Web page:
|US20080216497 *||Mar 6, 2007||Sep 11, 2008||Mark Rodney Wellman||Method and apparatus for improving the efficiency of a heat pump HVAC system|
|US20090078393 *||Sep 21, 2007||Mar 26, 2009||Ho-Jan Tsai||Air conditioning operating on heat exchange between water supply system and ground enthalpy|
|US20090308378 *||Dec 17, 2009||Paw Gmbh & Co., Kg||Solar Heat Powered System comprising at least one solar collector|
|US20100115978 *||Apr 17, 2008||May 13, 2010||Pavel Simka||Heat pump system and method for pumping liquids|
|US20110146317 *||Jun 23, 2011||Trane International Inc.||Bi-directional cascade heat pump system|
|US20130014532 *||Aug 31, 2011||Jan 17, 2013||Hon Hai Precision Industry Co., Ltd.||Cooling system|
|CN101984300A *||Oct 22, 2010||Mar 9, 2011||杨艺明||Method for controlling room temperature by day-and-night temperature difference and solar energy|
|CN102419010A *||Aug 3, 2011||Apr 18, 2012||哈尔滨工业大学||Photoelectric cold-hot integrated solar utilizing device|
|CN103528295A *||Nov 4, 2013||Jan 22, 2014||山东宏力空调设备有限公司||Composite energy heat pump type energy-saving household central air conditioner and control method thereof|
|CN103528295B *||Nov 4, 2013||Dec 9, 2015||山东宏力热泵能源股份有限公司||复合能源热泵式节能型户式中央空调及其控制方法|
|CN103644616B *||Dec 20, 2013||Dec 30, 2015||新疆维吾尔自治区新能源研究所||一种太阳能季节性土壤蓄热热泵复合供暖空调系统|
|DE102008006507A1||Jan 29, 2008||Jul 30, 2009||Pizaul Ag||Regulation device for solar power collector system, has valve controlled such that temperatures determining sensors remain approximately same, and flow rate of pump is controlled such that temperatures remain high to heat storage|
|EP0502609A1 *||Jan 30, 1992||Sep 9, 1992||Ontario Hydro||Heat pump|
|EP1248055A2||Mar 21, 2002||Oct 9, 2002||Vaillant GmbH||Total environmental heat source for a heat pump|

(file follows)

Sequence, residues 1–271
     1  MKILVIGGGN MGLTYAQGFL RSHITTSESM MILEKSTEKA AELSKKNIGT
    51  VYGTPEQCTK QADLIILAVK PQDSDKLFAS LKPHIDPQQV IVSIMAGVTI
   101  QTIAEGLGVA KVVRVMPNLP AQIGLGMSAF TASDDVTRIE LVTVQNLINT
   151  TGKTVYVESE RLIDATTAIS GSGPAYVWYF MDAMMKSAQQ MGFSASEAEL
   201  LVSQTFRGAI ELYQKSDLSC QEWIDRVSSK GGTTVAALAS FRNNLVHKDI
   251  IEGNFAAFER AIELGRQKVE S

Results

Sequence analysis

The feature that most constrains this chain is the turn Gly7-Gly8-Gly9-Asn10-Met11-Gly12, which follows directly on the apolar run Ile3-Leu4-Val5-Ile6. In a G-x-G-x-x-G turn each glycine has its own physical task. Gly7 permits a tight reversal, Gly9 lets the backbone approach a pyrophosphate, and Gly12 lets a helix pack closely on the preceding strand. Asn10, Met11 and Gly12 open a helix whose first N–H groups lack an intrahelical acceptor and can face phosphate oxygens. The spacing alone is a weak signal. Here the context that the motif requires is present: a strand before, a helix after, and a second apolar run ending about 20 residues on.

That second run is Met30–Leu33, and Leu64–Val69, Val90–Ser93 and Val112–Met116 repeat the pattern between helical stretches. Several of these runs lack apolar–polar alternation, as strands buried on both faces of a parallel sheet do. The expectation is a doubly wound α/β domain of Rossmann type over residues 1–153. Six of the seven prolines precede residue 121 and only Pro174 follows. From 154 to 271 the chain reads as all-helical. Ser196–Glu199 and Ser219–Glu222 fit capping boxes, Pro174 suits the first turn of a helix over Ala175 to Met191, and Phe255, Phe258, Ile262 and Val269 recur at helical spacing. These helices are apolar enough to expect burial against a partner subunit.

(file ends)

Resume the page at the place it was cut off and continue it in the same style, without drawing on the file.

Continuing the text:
|EP1376020A1 *||Jun 24, 2002||Jan 2, 2004||Zehnder Verkaufs- und Verwaltungs AG||Method and Device for tempering outdoor air used for rooms ventilation|
|WO1985000447A1 *||Jul 12, 1984||Jan 31, 1985||Carway Eugene V Iii||Solar thermal heating and air conditioning system and method|
|WO2003001126A1 *||Apr 25, 2002||Jan 3, 2003||Shengheng Xu||Geothermal heat accumulator and air-conditioning using it|
|WO2008058687A1 *||Nov 12, 2007||May 22, 2008||Rehau Ag + Co||Heat exchanger|
|WO2008128483A3 *||Apr 17, 2008||Mar 15, 2012||Pavel Simka||Heat pump system and method for pumping liquids|
|WO2009135073A2 *||Apr 30, 2009||Nov 5, 2009||Altarock Energy, Inc.||System and method for aquifer geo-cooling|
|WO2009135073A3 *||Apr 30, 2009||May 19, 2011||Altarock Energy, Inc.||System and method for aquifer geo-cooling|
|U.S. Classification||126/610, 165/45, 126/613, 126/643, 126/641|
|International Classification||F24F5/00, F24J3/08, F24D11/02|
|Cooperative Classification||F24J3/085, F24F5/0046, F24F2005/0064, F24D11/0264, Y02E10/14, Y02B10/20, Y02B30/126, Y02B10/40, Y02B10/70, F24F2005/0053|
|European Classification||F24J3/08B, F24D11/02D2, F24F5/00F|